Most people are focused on the Chicago Bears trade possibilities for the offense. That is no surprise. The unit is stuck in quicksand and can’t seem to find a way out after five weeks. With the trade deadline just over three weeks away, GM Ryan Pace may try to find some help. That doesn’t mean however that he’ll be ignoring the defense. Sure the unit is by far the more stable thus far this season, but that doesn’t mean the Bears should stop looking for chances to make it better.
One area they may want to address? Edge rusher. Khalil Mack remains a terror but he’s also proving to be the only consistent presence on the edge for Chicago. After a fast start to the season against Green Bay, Leonard Floyd has vanished. Primary backup Aaron Lynch hasn’t done much better. Combined, the two of them have accounted for three sacks on the year. Nick Williams, a reserve defensive end has four by himself. That is not going to cut it.
Both men were invisible last Sunday against Oakland. So perhaps it’s a good time for the Bears to see if they might have a shot at securing another option. Typically teams aren’t interested in giving up pass rushers. Such instances would require good timing. Like maybe a team on the cusp of firing their head coach after one of the worst defensive efforts in franchise history? Enter the Atlanta Falcons.
Chicago Bears trade seekers should include Falcons rushers
The Falcons just got done surrendering 53 points to the Houston Texans last Sunday. It was a complete meltdown and a huge reason why head coach Dan Quinn is squarely on the hot seat. At 1-4, Atlanta is teetering on the edge of losing control of their season. One more loss might convince them to start considering a significant shuffling of their roster. Two names that could be included are edge rushers Vic Beasley and Takkarist McKinley.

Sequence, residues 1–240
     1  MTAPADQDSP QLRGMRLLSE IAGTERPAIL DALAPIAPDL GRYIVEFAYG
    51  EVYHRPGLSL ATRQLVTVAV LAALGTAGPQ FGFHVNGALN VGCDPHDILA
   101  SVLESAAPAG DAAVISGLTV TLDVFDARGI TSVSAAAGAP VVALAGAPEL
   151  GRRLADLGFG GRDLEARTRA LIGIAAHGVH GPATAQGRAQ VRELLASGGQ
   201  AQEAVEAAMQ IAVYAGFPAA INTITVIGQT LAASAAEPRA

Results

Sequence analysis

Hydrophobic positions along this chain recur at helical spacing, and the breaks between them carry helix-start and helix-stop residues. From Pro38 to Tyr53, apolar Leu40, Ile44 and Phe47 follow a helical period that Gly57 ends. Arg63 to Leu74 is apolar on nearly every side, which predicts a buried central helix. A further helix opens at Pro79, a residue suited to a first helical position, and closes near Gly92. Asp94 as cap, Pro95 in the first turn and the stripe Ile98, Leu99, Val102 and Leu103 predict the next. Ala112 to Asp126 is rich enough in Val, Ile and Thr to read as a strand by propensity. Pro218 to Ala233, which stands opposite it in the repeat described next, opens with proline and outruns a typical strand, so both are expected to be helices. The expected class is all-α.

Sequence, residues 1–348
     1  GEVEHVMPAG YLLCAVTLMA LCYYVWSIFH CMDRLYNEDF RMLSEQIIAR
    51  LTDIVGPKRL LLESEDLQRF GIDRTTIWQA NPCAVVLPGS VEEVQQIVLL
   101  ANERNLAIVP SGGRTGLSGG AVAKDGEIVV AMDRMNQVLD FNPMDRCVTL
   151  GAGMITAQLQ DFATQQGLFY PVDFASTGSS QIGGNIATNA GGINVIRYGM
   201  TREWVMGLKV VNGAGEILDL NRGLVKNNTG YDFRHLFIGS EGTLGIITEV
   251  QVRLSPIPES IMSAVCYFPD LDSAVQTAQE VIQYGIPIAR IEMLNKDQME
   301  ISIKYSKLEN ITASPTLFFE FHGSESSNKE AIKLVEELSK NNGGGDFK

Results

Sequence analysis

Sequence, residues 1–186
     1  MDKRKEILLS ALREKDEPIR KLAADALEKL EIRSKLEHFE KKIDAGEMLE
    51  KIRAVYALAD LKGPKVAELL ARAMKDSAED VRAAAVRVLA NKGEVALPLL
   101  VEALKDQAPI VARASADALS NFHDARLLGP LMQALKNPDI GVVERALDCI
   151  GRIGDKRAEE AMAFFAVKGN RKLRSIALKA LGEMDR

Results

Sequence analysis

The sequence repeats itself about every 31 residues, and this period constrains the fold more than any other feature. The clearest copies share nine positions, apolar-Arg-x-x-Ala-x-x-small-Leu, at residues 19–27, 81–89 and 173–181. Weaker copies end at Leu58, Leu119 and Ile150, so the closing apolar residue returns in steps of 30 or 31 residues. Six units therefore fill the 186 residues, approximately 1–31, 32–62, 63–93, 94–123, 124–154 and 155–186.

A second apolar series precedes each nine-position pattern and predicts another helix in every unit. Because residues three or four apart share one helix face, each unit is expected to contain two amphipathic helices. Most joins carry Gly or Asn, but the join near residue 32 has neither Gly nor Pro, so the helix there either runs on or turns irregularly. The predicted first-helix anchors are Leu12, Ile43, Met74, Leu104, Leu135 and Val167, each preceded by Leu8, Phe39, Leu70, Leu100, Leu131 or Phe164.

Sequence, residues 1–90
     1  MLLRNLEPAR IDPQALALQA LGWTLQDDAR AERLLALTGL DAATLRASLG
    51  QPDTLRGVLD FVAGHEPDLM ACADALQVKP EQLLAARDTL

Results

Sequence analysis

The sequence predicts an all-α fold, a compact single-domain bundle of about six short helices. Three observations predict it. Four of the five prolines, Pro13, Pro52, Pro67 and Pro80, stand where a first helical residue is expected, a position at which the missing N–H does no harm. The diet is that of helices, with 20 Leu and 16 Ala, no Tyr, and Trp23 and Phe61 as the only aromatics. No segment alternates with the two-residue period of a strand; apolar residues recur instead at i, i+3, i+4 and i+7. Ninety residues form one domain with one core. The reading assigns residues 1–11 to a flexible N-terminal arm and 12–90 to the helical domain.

Both players have combined for two sacks this season. They haven’t been helped out by a horrific secondary but it’s clear frustration is mounting with both of them. McKinley for his health setbacks and Beasley for his ongoing disappearance after his outstanding 2016 season.
“While Beasley has managed five quarterback hits through five games, he only has 1.5 sacks. That puts him about on pace for five sacks this season, which is what he’s recorded each of the last two years.
Beasley led the league with 15.5 sacks in 2016, but since then, he only has 11.5 sacks in 35 games.
While he’s been close on several occasions to making a big negative play this year, Beasley can’t seem to close the deal. Quarterbacks find a way to elude his final rush, and it’s a big part of why Atlanta is off to a 1-4 start.”
One thing that could be argued is that both players are in a system that doesn’t fit their talents. Atlanta runs a 4-3 defense, which historically has demanded bigger athletes at defensive end. Beasley is 6’3 and under 250 lbs. McKinley is 265 but he’s 6’2, so one could argue he’s playing overweight. It’s possible a switch to outside linebacker in the Bears’ 3-4 might help them to play the way they were meant to.
So the question is would the Falcons deal them and what might it cost?
Atlanta may not be ready to unload either player just yet. At least not for another couple of weeks until they’re certain the season is a lost cause. However, presuming they can’t stop the slide then both players can’t be called untouchable. Beasley especially. He’s 27-years old and playing on the last year of his rookie contract. McKinley is only 24 but has health concerns. So it’s a question of which sort of gamble the Bears are willing to make.
Beasley would be cheaper in terms of draft compensation but may be gone after half a season as a free agent. McKinley would likely cost more but has greater upside and long-term security with his contract. Neither is a sure thing to work out but that’s part of the risk. The Bears defense certainly wouldn’t get less good with them in the fold.